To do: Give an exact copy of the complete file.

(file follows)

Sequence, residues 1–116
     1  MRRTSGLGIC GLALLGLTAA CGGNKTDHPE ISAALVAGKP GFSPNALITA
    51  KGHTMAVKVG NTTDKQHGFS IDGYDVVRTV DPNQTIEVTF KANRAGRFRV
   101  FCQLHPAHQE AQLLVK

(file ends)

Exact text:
Sequence, residues 1–116
     1  MRRTSGLGIC GLALLGLTAA CGGNKTDHPE ISAALVAGKP GFSPNALITA
    51  KGHTMAVKVG NTTDKQHGFS IDGYDVVRTV DPNQTIEVTF KANRAGRFRV
   101  FCQLHPAHQE AQLLVK